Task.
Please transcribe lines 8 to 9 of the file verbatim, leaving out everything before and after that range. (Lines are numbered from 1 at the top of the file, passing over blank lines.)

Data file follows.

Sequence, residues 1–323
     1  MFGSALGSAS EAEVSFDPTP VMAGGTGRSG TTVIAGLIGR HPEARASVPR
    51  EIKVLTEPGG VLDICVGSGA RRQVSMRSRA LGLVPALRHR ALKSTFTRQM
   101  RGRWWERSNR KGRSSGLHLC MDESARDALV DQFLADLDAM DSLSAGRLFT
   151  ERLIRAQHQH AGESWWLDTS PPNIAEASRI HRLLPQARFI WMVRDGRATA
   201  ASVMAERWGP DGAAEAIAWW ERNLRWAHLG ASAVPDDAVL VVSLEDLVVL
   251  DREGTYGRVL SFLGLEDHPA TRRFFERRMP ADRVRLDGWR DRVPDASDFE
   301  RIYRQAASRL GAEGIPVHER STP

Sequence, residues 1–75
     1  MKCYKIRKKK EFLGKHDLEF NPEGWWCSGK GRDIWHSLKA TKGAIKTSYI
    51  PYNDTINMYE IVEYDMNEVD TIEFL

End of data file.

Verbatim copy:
   301  RIYRQAASRL GAEGIPVHER STP

Sequence, residues 1–75